‘Alles Goed?’ a typical Dutch question written in Arabic letters. A project with designers working closely together on the successful Dutch exhibition El Hema shows not only the power of creation when cultures cooperate. It is also a wink to the past as the Arabic lettering from the Syrian town Ugarit, often called ‘the oldest alphabet of the world; 1400 B.C.’ forms the base of our English alphabet, connecting East and West once more. In Dutch the words ‘Alles Goed?’ mean to ask if everything is right. Though read from right to left in Arabic the letters don’t mean anything and probably will create confusion amongst Arabic readers. ‘Alles Goed? All Right?’ If we look at the people of Syria the unfortunate answer is: No.
The devastating effects of war continue to spread within and around Syria. “Precisely when Syrians have become most vulnerable they may have no way of getting out or getting help,” writes Andrew Spath. The Syrian refugees are scattering across the world and there are 4,5 million refugees internally displaced within Syria. The blog ‘Syrian Refugees: The Catastrophe’, offers another revealing insight into the effects of war on the everyday life of Syrian refugees. The United Nations High Commissioner for Refugees already warned half a year ago: ‘The Syrian civil war is the worst humanitarian disaster since the end of the cold war. The modern boundaries of the Middle East and the post-Ottoman agreements of the Sykes Picot treaty in 1916 that underpin them may unravel if the crisis is not brought to an end.’
International players are looking for a way forward, though the process is painfully slow and people are wondering what the real power play is behind the scenes. ‘In May Russia and the United States already agreed to try to hold a “Geneva II” conference to implement the agreement, which called for a transitional governing authority to rule Syria. However it left the question open of whether or not Assad must leave power. After the devastating chemical attacks in Syria in Al Ghouta the US pressure on Syria mounted.
Russia answered the US with a carefully timed ‘you-can-only-do-this-once’ op-ed from Putin in the New York Times published on September the 11th. ‘A plea for caution from Russia’: ‘RECENT events surrounding Syria have prompted me to speak directly to the American people and their political leaders. It is important to do so at a time of insufficient communication between our societies.’ Not only has Putins’ plea been well read and commented on more than 4447 times. It seems to have had an impact, moving from ‘wartalk’ towards ‘rapprochement’.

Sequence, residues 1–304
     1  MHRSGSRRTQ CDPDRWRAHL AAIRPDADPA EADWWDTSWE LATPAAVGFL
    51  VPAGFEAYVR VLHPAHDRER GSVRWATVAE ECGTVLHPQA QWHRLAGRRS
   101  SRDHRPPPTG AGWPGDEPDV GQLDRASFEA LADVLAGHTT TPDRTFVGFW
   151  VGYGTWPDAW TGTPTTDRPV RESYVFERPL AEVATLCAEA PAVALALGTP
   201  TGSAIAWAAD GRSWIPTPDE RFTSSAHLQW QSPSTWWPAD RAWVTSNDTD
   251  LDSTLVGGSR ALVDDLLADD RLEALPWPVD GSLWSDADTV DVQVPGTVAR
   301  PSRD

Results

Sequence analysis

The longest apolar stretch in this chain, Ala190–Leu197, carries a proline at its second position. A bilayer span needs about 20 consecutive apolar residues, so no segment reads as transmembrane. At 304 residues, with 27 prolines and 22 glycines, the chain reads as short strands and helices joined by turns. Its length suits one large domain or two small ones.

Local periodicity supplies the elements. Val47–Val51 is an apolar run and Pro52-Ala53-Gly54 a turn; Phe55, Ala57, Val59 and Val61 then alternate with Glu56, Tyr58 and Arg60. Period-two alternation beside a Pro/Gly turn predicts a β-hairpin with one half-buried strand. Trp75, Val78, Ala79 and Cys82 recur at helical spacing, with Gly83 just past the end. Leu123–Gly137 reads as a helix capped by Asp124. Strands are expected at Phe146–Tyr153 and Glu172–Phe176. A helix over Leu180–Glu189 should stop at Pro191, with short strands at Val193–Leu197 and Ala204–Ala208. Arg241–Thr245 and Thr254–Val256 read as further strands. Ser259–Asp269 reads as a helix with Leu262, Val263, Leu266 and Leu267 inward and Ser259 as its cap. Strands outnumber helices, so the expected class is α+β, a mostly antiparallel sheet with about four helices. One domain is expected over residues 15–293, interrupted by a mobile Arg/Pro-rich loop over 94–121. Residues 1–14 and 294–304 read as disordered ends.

Or was it Kerry just accidently finding a workable solution for Syria? Since his ultimatum beginning of September renewed peacekeeping attempts. Together with Putins op-ed intervention international players seem to walk a path of dialogue in organizing the long delayed peace conference on Syria involving all parties including Iran. The United States and Iran have recently started something of a diplomatic rapprochement. On September 27th President Barack Obama spoke to the Iranian President Hassan Rouhani, by telephone- the highest level contact since 1979.
Alles goed? All Right? Painting the Syrian picture in more than black and white. In the midst of all the pain and power struggles, it remains equally important to keep shedding light on promising developments. Governments, companies and local communities inside and outside of Syria are taking hopefull initiatives to counterbalance the strategic political processes working from different starting points at different levels.
IKEA announced teaming up with the United Nations’ refugee agency (UNHCR) to develop a flatpack shelter that can be quickly assembled on site. Recently 50 prototypes, all packed into standard Ikea cardboard boxes were shipped to refugee camps and crisis regions in Syria.
Humanity House in The Hague organized an evening to discuss: “What you can do? The Enigma of Syria.” An evening with Arabic poetry, music, and practical initiatives with a different angle of support. Moving from stories about the resilience of Syrian Refugees in Jordan to a live Skype connection with Syrian students who followed a Summerschool in Turkey who explained what kind of help they need, to an explaination about Syrian Accountability and Transnational Justice and the importance of documenting the truth through different glasses in Syria. Closing with the Solar for Syria campaign that will start November 25th that will help refugees to light their homes with a solar lamp that enables them to also connect with their families as the lamp is able to recharge mobile phones.
Another hopeful development within Syria itself is how the residents of the Syrian town Yabroud have established an independent government that manages everything from schools, the court and emergency services to humanitarian aid and defense. It is remarkably efficient – as long as they can keep al-Qaeda out. And they do! This is something that is important to shed light upon. It is part of a larger movement within Syria under the name of Khalil Noe, the Mussalah-Reconciliation movement. The walk of peace is alive.
Alles goed? Not everything yet much more than we shed light to!